Bill Bryson is an American writer, originally from Iowa. For twenty years he lived in England with his British wife and their four kids. In the late 90’s, they decided to move to the States, and he settled in the town of Hanover, New Hampshire where Dartmouth college is located. Bryson was asked to write a weekly column for a London newspaper on living in the U.S. Seventy of those columns have been assembled into the book, I’m a Stranger Here Myself: Notes on Returning to America After Twenty Years Away.
Anyone who thinks that living in a small town in New Hampshire is dull (like my teenage daughter) can learn from Bryson that life can be interesting if you just look at it the right way. Each column is a sardonic look at a slice of life in America. One week it might be his observations of the U.S. Postal Service versus the British post. The next it could be an observation of American supermarkets. Just about every situation that one can think of he’s found the humor in. The column about how the woods in New Hampshire tend to swallow airplanes and entire towns does have me a bit worried, though.
Bryson also makes humorous observation on some of the quirks of our life. Have you ever wondered who would have to call a 1-800 number on the side of a package of dental floss in the middle of the night? Things we see all the time and never really pause to think about are a source of endless amusement for Mr. Bryson, and his writing brought the amusement home to me as well.
The humor in I’m a Stranger Here Myself: Notes on Returning to America After Twenty Years Away has a distinct British style to it, despite the fact that Bryson was originally from Iowa. His witty observations put day to day life in a different perspective than usual. Little factoids such as the fact that the Pentagon’s computers were hacked 161,000 times in 1995 or that the FAA is privatizing services at his local airport’s control tower but can’t tell him the name of the company taking it over are in the category of things I don’t know if I should laugh or cry over. Have you ever really thought about the safety demonstration and escape plans the airlines have? Bryson does here and points out the absurdity of having a floatation device for a flight completely over land, when that compartment would be just perfect for the carry-on he has no other room for.
It’s these little annoyances of life that many of us (including myself) have experienced that Bryson manages to turn into a witty column and sometimes a comment on our society. That, and breakfast pizza.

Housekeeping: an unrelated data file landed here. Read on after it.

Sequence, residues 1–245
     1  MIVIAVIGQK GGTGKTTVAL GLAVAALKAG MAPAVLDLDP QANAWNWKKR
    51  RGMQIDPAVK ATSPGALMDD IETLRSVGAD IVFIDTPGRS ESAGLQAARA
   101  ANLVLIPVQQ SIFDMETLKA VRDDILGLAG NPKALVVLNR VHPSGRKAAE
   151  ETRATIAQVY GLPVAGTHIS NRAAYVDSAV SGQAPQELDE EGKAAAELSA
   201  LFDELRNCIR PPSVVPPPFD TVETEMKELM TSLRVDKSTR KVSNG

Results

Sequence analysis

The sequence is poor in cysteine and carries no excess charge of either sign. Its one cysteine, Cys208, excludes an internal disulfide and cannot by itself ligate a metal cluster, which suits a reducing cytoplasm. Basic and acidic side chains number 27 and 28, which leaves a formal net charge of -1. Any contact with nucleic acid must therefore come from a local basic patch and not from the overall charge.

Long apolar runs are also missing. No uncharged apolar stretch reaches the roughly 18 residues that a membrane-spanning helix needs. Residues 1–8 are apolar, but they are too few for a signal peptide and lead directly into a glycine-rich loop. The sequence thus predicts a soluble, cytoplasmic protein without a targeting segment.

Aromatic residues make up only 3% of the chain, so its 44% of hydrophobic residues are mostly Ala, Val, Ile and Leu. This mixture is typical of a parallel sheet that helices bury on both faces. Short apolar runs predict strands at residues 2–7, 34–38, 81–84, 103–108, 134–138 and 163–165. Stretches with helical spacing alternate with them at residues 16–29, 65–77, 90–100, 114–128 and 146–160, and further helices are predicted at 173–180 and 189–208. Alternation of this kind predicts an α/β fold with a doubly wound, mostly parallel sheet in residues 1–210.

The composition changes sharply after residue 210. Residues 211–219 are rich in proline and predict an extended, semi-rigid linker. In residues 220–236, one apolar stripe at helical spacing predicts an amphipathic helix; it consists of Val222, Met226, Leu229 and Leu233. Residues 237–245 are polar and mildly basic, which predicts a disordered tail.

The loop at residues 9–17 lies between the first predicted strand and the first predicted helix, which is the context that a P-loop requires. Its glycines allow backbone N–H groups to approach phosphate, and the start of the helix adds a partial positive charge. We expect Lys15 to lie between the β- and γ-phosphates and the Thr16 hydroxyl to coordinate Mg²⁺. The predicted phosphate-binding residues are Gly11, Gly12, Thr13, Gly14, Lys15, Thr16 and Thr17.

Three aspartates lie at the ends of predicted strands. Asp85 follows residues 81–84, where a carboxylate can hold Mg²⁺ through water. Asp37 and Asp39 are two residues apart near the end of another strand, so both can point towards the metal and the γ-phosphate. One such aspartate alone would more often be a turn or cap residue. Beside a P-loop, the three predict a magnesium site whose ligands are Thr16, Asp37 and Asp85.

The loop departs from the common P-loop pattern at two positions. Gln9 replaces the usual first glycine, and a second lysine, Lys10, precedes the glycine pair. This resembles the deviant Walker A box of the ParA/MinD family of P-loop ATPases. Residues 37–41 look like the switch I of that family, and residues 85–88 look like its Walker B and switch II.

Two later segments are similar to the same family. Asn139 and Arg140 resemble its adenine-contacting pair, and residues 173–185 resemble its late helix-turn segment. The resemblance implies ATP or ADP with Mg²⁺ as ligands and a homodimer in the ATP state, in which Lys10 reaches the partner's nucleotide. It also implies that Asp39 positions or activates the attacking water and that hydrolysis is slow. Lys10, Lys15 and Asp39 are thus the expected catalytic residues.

Another point that makes the book interesting is that in choosing to settle with his family in Hanover, New Hampshire instead of a big city like Boston or even Manchester, he’s looking at life in small-town America. The humor recounts movies and television shows which have depicted this quirkiness before, and Bryson’s humor at the quirkiness of small town life is tempered by the fact that I could tell he was really enjoying his life. As he’s lamenting the loss of small-town character to the bigger box-stores and national chains, it’s evident that he’s frustrated by what many say is the homogenization of the American experience – you can eat at the same dish at the same restaurants in New York, Miami, and Los Angeles. Bryson savors the individuality and independence, yet stops short at condemning those who spend all day traveling from parking lot to parking lot instead of getting out of their cars and walking. It’s the ability to draw the line before his writing starts feeling insulting that makes this one of the best commentaries on American life that I’ve ever read.
Nothing is really off-limits in Bryson’s world. He pokes fun at himself in the supermarket, at the car-rental counter, on an airplane, or in the garden. He gets in jibes at American immigration policies, the drug laws, and our tendency toward laziness and excess. Some people who feel there are absolutely no faults in American society or culture might not see the humor, but I found it hilarious.
If there’s one complaint I have it’s the few columns where Bryson translates instruction booklets (in one case for computers, in another case for a tax return) into his own brand of humor. These I breezed through as the entire column is a one-trick pony of sorts. They are the weakest of all his columns, and although they aren’t horrible they just aren’t up to the rest of the collection.
The collection of columns is reprinted in this book in the same sequence they appeared in the Night & Day magazine in London. Occasionally Bryson refers back to something commented on in a previous column, but for the most part each stands on it’s own, making it perfect to read at times when I get interrupted frequently. I read the book over a few days sitting by the pool. It’s 2-3 page snippets were the perfect length so that I could put the book down in between and pick it up again later on. There were many days I would laugh out loud and have to read sections of the book to my husband.
I would highly recommend I’m a Stranger Here Myself: Notes on Returning to America After Twenty Years Away to anyone. it’s not tedious at all, so you don’t need a great deal of patience to read it – just a good sense of humor and the ability to laugh at American society and culture. The book is currently being passed around our house, and I have friends (in New Hampshire) who are also eager to take a peek.
Categories: Book Reviews